On the reverse  is depicted a cocoa pod representing the Agricultural wealth of Ghana and the economic importance of cocoa over the years for Ghana.

The specifications of this coin are : Metal composition :Cupro Nickel; weight: 4.4 gms; diameter: 23.5 mm Edge: plain.


Obverse of the 10 pesewa coin issued in 2007 showing the emblem of Ghana.

On the reverse  is depicted a book which emphasises the role of Education in a democratic society.
The specifications of this coin are : Metal composition :Cupro Nickel; weight: 3.23 gms; diameter: 20.4 mm Edge: reeded.

Obverse of the 5 pesewa coin issued in 2012 showing the emblem of Ghana.

On the reverse  is depicted a traditional horn blower representing the traditional mode of communication in Ghana.
The specifications of this coin are : Metal composition :Nickel clad steel; weight: 2.5 gms; diameter: 18.0 mm Edge: reeded.
It is very difficult to come across a coin of this denomination in Ghana, because of its diminishing value for the users, although this denomination is still legal tender in Ghana.

Obverse of the 1 pesewa coin issued in 2012 showing the emblem of Ghana.

On the reverse  is depicted the Adomi bridgehighlighting the significance of infrastructure and freedom of movement of goods and the people in Ghana.
Like the 5 pesewa coin, although it is still legal tender, the one pesewa coin is rarely seen or come across in Ghana and vendors simply refuse to acknowlege or accept these coins, so much so that the Bank of Ghana has had to conduct studies on what to do with coins of this denomination.

The specifications of this coin are : Metal composition :Copper plated steel; weight: 1.82 gms; diameter: 17.0mm Edge: reeded.

Banknotes:

–     The Third Cedi Banknotes were issued in the following denominations:

–     1 Cedi Note:  The one Cedi Note was red in colour. On the Front, it shows “The Big Six” and the “Independence Arch”.
(The “Big Six” were leaders and Founder-members of the “United Gold Coast Convention” (UGCC), which was the leading political party in the Gold Coast. They were detained by the colonial authorities in 1948 following disturbances leading to the killing of 3 World War II veterans (Sergeant Cornelius Frederick Adjetey, Private Odartey Lamptey and Corporal Attipoe) by the British Colonial Authorities (who were protesting about their poor conditions and unpaid war benefits and proposed to submit a memorandum to the British Authorities) in what is termed as the “Christiansborg Cross-Roads shooting”.
They were: Ebenezer Ako-Adjei, Edward Akufo-Addo (later Chief Justice and President of Ghana), J.B. Danquah, Kwame Nkrumah (later the First Prime minister and then First President of Ghana), Emmanuel Obetsebi-Lamptey and William Ofori Atta.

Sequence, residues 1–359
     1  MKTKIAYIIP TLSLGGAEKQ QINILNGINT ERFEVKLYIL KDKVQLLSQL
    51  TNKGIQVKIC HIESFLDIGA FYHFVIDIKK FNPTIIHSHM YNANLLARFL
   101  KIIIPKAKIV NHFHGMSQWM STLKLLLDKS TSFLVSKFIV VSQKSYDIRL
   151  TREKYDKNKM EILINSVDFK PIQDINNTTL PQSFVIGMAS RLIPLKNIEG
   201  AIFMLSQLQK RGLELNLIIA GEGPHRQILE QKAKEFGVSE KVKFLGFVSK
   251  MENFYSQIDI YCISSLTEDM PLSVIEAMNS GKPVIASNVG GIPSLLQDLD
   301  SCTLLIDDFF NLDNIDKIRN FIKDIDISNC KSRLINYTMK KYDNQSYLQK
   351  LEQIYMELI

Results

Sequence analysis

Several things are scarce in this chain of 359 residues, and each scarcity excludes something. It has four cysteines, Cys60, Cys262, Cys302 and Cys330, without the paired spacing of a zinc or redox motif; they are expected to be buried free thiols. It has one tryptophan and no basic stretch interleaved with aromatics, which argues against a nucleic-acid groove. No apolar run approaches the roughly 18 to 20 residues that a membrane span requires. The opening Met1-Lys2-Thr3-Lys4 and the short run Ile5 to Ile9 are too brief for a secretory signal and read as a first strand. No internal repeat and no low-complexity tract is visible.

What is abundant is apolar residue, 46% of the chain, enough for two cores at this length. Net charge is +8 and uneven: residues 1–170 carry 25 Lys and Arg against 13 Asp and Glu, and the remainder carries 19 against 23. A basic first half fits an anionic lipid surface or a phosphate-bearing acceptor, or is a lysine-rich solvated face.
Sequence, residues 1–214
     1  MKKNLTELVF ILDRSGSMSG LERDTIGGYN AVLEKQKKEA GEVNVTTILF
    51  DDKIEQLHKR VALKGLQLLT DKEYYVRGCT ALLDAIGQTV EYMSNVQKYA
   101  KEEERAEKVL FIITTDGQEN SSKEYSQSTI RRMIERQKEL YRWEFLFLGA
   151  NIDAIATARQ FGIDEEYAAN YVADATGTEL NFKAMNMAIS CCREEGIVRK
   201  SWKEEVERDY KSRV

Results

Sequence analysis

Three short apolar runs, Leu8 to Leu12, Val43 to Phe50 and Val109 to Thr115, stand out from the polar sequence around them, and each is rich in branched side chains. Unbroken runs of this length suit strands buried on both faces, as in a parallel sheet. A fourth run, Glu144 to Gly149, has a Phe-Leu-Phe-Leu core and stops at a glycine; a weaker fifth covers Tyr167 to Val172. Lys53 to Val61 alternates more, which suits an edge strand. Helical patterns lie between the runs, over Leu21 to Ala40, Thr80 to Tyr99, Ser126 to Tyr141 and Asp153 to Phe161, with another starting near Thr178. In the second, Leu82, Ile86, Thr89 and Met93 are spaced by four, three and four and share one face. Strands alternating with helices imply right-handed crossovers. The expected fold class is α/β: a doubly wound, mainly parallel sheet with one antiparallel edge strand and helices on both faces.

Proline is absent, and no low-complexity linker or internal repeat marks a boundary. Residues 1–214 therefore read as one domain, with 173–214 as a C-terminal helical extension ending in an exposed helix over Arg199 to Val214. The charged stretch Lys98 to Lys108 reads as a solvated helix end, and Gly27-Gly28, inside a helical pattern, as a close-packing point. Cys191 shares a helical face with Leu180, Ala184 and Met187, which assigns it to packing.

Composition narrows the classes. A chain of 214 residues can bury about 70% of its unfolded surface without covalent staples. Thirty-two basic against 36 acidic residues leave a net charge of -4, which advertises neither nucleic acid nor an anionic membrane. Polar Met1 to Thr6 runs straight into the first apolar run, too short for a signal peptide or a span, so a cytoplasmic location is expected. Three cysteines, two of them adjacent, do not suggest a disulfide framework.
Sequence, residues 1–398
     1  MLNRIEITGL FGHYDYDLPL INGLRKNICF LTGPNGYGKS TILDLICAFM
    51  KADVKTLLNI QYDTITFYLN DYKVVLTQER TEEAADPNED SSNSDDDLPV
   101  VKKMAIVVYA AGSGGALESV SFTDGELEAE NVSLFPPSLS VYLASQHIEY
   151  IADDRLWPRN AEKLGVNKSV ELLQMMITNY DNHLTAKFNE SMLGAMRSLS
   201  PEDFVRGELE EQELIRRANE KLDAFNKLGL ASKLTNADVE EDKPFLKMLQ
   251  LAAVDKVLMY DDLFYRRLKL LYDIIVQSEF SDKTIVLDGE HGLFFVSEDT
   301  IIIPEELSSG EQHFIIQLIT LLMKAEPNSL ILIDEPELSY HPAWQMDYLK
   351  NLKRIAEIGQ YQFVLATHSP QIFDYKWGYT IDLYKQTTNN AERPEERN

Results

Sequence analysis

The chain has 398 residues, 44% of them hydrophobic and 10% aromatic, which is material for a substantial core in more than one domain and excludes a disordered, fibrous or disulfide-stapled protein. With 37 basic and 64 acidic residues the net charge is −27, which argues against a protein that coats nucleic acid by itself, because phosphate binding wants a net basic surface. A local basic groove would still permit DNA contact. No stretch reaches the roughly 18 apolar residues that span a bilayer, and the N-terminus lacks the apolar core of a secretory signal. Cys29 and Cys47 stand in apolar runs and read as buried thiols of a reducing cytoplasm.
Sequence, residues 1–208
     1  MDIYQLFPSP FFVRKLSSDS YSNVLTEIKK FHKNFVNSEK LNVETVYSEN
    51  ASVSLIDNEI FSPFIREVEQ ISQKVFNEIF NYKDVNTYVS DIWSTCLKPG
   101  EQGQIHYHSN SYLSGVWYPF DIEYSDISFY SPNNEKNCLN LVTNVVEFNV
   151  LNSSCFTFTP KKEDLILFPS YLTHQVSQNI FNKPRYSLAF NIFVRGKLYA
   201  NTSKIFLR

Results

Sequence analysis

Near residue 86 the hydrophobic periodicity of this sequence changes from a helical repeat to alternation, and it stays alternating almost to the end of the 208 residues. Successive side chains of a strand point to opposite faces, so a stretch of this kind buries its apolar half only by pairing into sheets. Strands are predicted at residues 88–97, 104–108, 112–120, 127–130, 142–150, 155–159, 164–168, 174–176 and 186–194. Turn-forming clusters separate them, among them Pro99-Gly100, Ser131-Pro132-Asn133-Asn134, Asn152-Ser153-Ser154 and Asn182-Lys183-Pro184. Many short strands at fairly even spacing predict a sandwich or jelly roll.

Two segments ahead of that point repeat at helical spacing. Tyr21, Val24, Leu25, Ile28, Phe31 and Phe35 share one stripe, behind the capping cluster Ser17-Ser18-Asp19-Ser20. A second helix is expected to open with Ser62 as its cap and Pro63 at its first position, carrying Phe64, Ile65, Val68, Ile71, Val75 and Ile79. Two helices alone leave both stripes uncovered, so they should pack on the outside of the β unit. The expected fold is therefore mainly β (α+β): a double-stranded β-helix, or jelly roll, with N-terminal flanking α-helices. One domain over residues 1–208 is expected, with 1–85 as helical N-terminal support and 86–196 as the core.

–     On the Back the 1 Cedi Note shows the “Akosombo Dam” which provides Electricity to Ghana. (In view of the severe power shortage to meet the current requirements, the Bui Dam is being built to take care of Ghana’s Electricity requirements and supplement power generation from the Akosombo Dam). This Note was issued on 3.07.2007 and 06.03.2010.

–     2 Cedi Note: The Two Cedi Note is Beige in color. On the Front it shows a portrait of “Kwame Nkrumah”. (Kwame in Twi language means “Saturday born”) This note celebrates the Centenary of Nkrumah’s birth in 1909.

–     On the Back this Note shows the “Parliament House”. This Note was issued on 06.03.2010.

 

An image of the Parliament House of Ghana.

–     5 Cedi Note:  The Five Cedi Note is Blue in colour. On the Front it shows the “Big Six” and the “Independence Arch”.

–     On the Back this Note shows an image of the “Balme Library: University of Ghana”. These Notes were issued on 03.07.2007 and on 01.07.2011.

(The Balme Library is located on the main campus of the University of Ghana and has six Departments and one special library for the physically handicapped students. It has over 1,00,000 books, 1000 microfilms and educational videos etc.

–     The University of Ghana is one of the oldest and largest of the 13 Ghanaian Universities. It is one of the best Universities in Africa and the most prestigious in West Africa. Founded as the University College, Gold Coast in 1948, it was originally affiliated to the University of London. It gained full university status in 1961 and has over 38000 students on its Rolls).

An image of the Balme Library in the University ofGhana. Below is an image of the Library entrance.

–     10 Cedi Note: The Ten Cedi Note is Yellow-green in Colour. On the Front it shows the “Big Six” and the “Independence Arch”.

–     On the Back this Note shows an image of the “Bank of Ghana”. 10 Cedi Notes were issued on 03.07.2007 and on 01.07.2011.

–     20 Cedi Note: The twenty Cedi note is Purple in colour. On the Front it shows the “Big Six” and the “Independence Arch”.

–     On the Back this Note shows an image of the “Supreme Court”.  Note was issued on 03.07.2007 and 01.07.2011.

–     50 Cedi Note: The Fifty Cedi Note is Brown in colour. On the Front it shows the “Big Six” and the “Independence Arch”.

–     On the Back this Note shows an image of the “Christianborg Castle”. 50 Cedi Notes were under this Series were issued on 03.07.2007 and on  02.01.2012.(Osu Castle or Fort Christiansborg or Castle is located in Osu, Accra, on the coast of the Atlantic Ocean’s Gulf of Guinea.

–     The first Fort was built by the Danish in the 1660s and changed hands between Denmark, Portugal, the Akwamu and Britain and was rebuilt several times.

An image of the Christiansborg Fort as it existed during Danish possession in the 1660s.

Christiansborg or Osu Castle/Fort as it exists today.

 

  • The Castle has largely served as the Seat of Government in Ghana with some interruptions).

Thanks